Replacing one quarterback (Garrard) with a similar version of the former East Carolina Pirate doesn’t make sense. Brown has a cannon for an arm but only played one year for the Mountaineers as a full-time starter but he fits the mold of a developmental prospect instead of one of the more pro-ready signal callers in the draft.
Most Likely: Reshad Jones (S, Georgia)
One of the record-setting early entry prospects in the 2010 draft, Jones is somewhat of a sleeper because of the bigger names like Berry and Mays.
If he happens to make it past the later picks in round two and early slots of round three, Gene Smith has proven his mettle in previous drafts to quickly grab a player like Jones.
He’s built to withstand the physicality of the NFL but has very good speed and leaping ability to be a versatile commodity for the Jags secondary. Much like Mays and Berry, he can de-cleat opponents with the best of them and plays the game with a chip on his shoulder.
Best-case: Dan LeFevour (QB, Central Michigan)
Admittedly, the stars must align for Smith and his staff to land LeFevour this far in the draft.
The Downers Grove, Illinois native is the only player in NCAA history to pass for 12,000 yards and rush for 2,500 more in his career. He was voted the Vern Smith Leadership award (conference player of the year) in the MAC.
He’s a tough kid who commands respect in the huddle. In other words, he’s capable of leading an NFL team early on in his career.
Watching him play so many games, I question many of the scouting reports that cite average arm-strength and accuracy. He puts enough zip on his passes to make all the throws in the NFL and has very good, if not great, touch and precision. If they take him in the third round I still think it’s a great pick.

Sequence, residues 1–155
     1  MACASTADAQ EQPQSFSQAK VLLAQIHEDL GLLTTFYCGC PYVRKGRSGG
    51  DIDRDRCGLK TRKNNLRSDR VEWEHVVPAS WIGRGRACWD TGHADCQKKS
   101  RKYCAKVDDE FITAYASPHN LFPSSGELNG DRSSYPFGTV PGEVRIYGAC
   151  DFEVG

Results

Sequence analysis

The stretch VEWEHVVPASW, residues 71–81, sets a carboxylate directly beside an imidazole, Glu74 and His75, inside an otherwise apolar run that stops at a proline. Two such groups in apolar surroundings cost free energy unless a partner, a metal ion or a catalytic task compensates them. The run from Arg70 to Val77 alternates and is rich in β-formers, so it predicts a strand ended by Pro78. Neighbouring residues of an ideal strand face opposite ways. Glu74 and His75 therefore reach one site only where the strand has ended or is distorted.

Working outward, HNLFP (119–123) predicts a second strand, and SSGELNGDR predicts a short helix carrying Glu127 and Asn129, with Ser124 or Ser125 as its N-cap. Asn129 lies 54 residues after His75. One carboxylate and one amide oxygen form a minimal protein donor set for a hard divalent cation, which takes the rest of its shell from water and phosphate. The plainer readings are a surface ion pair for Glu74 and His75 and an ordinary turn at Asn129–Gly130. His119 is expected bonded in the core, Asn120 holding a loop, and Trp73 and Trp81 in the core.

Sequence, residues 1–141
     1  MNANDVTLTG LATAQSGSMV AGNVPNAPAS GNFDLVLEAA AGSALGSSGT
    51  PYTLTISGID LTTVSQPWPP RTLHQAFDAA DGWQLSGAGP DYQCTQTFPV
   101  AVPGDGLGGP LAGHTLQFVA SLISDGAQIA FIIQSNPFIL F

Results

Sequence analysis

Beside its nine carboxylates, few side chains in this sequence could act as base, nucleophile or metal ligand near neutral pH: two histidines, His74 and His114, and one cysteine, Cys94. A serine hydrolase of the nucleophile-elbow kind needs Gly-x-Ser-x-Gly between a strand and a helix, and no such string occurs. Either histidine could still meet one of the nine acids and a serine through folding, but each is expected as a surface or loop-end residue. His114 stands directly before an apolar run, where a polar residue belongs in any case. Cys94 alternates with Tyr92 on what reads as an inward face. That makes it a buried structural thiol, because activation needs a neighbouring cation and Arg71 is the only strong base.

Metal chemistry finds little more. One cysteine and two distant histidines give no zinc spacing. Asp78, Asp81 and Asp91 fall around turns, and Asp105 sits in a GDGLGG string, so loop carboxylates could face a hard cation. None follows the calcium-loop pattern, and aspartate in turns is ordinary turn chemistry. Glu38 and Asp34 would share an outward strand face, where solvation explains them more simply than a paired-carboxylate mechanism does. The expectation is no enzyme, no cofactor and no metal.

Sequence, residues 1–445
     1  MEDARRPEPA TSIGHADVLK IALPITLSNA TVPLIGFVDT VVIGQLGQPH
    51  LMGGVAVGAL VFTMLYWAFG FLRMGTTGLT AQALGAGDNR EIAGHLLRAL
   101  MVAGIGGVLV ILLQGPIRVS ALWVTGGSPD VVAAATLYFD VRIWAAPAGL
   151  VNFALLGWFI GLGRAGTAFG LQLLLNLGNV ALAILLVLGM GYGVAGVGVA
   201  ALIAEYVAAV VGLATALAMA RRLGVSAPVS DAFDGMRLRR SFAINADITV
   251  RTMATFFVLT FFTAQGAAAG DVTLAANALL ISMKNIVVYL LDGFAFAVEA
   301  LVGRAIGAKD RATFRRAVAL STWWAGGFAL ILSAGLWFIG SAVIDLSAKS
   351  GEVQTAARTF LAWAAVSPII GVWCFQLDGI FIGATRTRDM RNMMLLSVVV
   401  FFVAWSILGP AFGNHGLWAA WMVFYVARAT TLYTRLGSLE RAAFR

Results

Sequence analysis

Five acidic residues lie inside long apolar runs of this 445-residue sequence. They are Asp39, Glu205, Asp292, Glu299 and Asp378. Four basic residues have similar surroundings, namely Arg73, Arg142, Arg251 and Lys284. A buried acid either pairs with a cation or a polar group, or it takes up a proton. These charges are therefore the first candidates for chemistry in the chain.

Worst-case: Perry Riley (OLB, LSU)
Part of the Tigers vaunted defenses of the last few years, Riley is built more like an inside linebacker (6'1 248) but he uses his size to his advantage as a surefire open-field tackler and will add some toughness to their defense.
He only possesses marginal speed which will cause some snickering among those trying to visualize his production on the outside in the NFL. However, at the very least he can provide depth to Daryl Smith and find his way on the field in certain packages.
Best-case: Blair White (WR, Michigan State University)
Even though I don’t necessarily regard wide receiver as a position of high need, the Jags are far from set with Holt’s age and the inexperience of the “Mike’s”.
So why add seemingly more inexperience with another wide receiver pick? Because White plays well beyond his years, runs crisp routes and catches everything in sight. He was the Spartans best playmaker the last two seasons, despite beginning his career as a walk-on.
Worst-case: Mike Kafka (QB, Northwestern)
Although injuries and unexpected play out of C.J. Bacher limited Kafka’s chance to regularly start until this past season, he led his team to a bowl game.
Kafka’s a smart decision-maker (2009 bowl game notwithstanding), but he played in a gimmicky spread offense and often depends on his legs. He is only average from an accuracy standpoint and doesn’t have the arm strength to make all the NFL throws. He’s rising up draft boards but the Jags tend to look for their quarterbacks in free agency instead.
SIXTH & SEVENTH ROUNDS
Best-case: In either round they could pick from a decent crop of talented cornerbacks. Some of these prospects have recently dropped for one reason or another.
Devin Ross (CB, Arizona)
Ross has top-notch—if not blazing—speed in the low 4.4 range, but has given up some plays which looked more like mental lapses then any physical shortcomings.
Ross has the physical tools and is aggressive enough to warrant a late-round selection by a team which thinks the mental part of his game can be fixed.
Kevin Thomas (CB, USC)
Injuries have prevented Thomas from living up to any billing as a dominant Pac-10 defensive back. His 40 times at the combine will ultimately decide if he’s fully recovered from lengthy stays on the injury list. He’s a definite sleeper that earned second-team All-Pac 10 honors in 2009.